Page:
Bill Hanifin of Loyalty Truth (and a friend of Zavee) was kind enough to point me toward the Location-Based Marketing Summit held recently in New York. Bill thought it would be worth my while and, as usual, he was right.
Although the conference organizers were interested in what comes next for location-based marketing, most of the speakers were oriented toward the here and now. I came away from the conference with a far greater understanding of the uses and limitations of the current technologies and platforms while getting a grasp on some of what lies just over the horizon in the location-based space.
The Wise Marketer, a leading UK-based site for forward-thinking marketers, asked Bill to provide a write-up on the conference. Bill’s report, with which I assisted, was first published in The Wise Marketer for this week and is reprinted below:
The conference blended strategic and tactical insights about location-based marketing techniques, and most of the speakers observed that this branch of mobile marketing is still in its infancy. The principal strategic focus of the conference, however, was on consumer engagement and how to increase it.
Several speakers referred to Forrester’s recent finding that regular use of the ‘check in’ model was still in single-digit percentages, and that consumer awareness of these services wasn’t much higher – a report that has however been disputed at least once.
Either way, with estimates of more than 12 million people playing what consumers will initially consider “the location game”, smartphone penetration reaching 9% of the handset market, and SMS usage covering 95% of all wireless customers, it is clear that almost all consumers can be reached with marketing messages via a mobile handset.
Ian Schafer, CEO for Deep Focus, discussed ways in which marketers could use the technique for more effective marketing, suggesting that it can grow customer loyalty, increase relevance, and provide useful data and insights. He considers the smartphone to be “the next generation loyalty card”, with targeted deals and discounts being available upon check-in (or perhaps even without a digital check-in). By way of example, he highlighted ShopKick, which has a hardware platform that pushes reward currency to the consumer as soon as they enter the merchant’s store (without the consumer even having to check-in or make a purchase).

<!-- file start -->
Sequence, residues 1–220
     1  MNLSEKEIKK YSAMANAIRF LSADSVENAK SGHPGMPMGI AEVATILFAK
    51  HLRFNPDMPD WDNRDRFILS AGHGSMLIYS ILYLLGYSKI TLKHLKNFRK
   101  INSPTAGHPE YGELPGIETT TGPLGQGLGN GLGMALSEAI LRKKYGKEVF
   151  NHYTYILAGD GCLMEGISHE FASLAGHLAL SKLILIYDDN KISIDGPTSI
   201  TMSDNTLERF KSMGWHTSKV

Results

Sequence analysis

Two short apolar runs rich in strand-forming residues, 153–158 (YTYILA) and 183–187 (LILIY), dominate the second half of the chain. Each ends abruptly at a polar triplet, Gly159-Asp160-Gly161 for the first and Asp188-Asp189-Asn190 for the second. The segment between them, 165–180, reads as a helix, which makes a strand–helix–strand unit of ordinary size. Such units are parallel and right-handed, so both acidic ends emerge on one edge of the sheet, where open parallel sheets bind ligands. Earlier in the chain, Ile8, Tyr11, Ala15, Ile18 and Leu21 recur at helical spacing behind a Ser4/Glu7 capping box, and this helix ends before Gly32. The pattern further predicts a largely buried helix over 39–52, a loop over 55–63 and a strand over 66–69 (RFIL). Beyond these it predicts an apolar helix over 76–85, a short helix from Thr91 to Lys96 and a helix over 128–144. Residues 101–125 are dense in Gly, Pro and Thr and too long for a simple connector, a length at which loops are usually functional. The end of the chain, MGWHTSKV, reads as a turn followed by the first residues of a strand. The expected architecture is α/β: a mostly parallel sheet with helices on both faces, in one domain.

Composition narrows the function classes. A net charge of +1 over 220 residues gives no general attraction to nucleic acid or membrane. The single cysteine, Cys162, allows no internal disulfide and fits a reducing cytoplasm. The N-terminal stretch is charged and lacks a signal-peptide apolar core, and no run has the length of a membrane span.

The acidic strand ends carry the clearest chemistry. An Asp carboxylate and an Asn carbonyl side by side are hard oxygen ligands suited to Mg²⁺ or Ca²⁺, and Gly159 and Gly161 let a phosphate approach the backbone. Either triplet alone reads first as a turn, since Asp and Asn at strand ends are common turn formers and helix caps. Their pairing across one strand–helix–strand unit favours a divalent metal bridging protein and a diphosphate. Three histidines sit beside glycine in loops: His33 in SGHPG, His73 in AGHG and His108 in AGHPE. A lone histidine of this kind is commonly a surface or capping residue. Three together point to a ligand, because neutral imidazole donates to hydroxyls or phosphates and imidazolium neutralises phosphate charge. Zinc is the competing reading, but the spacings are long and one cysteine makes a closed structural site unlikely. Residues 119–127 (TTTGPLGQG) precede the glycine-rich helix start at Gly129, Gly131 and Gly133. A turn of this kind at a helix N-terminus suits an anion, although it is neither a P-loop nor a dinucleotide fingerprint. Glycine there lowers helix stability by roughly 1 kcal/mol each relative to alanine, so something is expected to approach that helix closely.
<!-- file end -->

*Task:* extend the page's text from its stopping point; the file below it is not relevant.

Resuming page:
Android Phone (by Johan Larsson - Creative Commons)
Most of the speakers, including Schafer, took it as read that delivering more relevant marketing messages increases their effectiveness. And, in a highly fragmented communications environment, the relationship between relevance and effectiveness is even more essential.
Overall, it was agreed that location-based applications can at least provide:
- People – other users who might have something in common with the user;
- Content – messages or offers based on what the user likes that is at/near her location;
- Time and Place – targeted, timely messages or offers based on where the user is right now;
- Context – communications based on prior behaviour, as tracked by the location-based device.
The potential of location-based data is that it can drive better business decisions by adding additional dimensions (i.e. time and place, captured over time in real-time) to what is otherwise known about each consumer’s behaviour. One great example cited was the Microsoft Bing ‘Home Turf Finder’ for the World Cup, which identified certain bars in New York City as “home turf” for fans of a particular team. The determinations were based in part on editorial sources such as Thrillist, but were mostly derived from ‘heat maps’ of consumers who had checked in or tweeted their support as well as their location.
Several speakers also noted Google‘s recent announcement that 30% of mobile searches and 20% of all internet searches have local intent, and said that all of the major players (e.g. Facebook, Google, and even wireless carriers) were already focusing on local information.
There was also considerable discussion of ‘Groupon’, although some panellists expressed doubts that the “deep discount, deal of the day” model provides sustainable customer growth. Speakers agreed, however, that geo-targeting adds value by increasing both relevance and personalisation. And, in order to thrive, it was agreed that location-based applications must provide the consumer with something of value, preferably in terms of relevant and personalised content.
Overall, panellists agreed that there is great demand for marketers to engage with consumers at “the right place and the right time, all the time”. Mobile couponing, despite being a fragmented space, seems to have taken hold. As a result, one area in which technological developments are anticipated is indoor navigation, where GPS signals are sometimes degraded and are not designed to be accurate enough for navigation within a store.
Finally, the issue of consumer privacy arose in almost every session. John Nicholson of law firm Pillsbury Winthrop Shaw Pittman concluded that “the more value a marketer delivers, the more information a consumer is likely to share”, and that an application that seems to exist only for marketing purposes is unlikely to gain the consumer’s trust.
(Article copyright 2010 The Wise Marketer)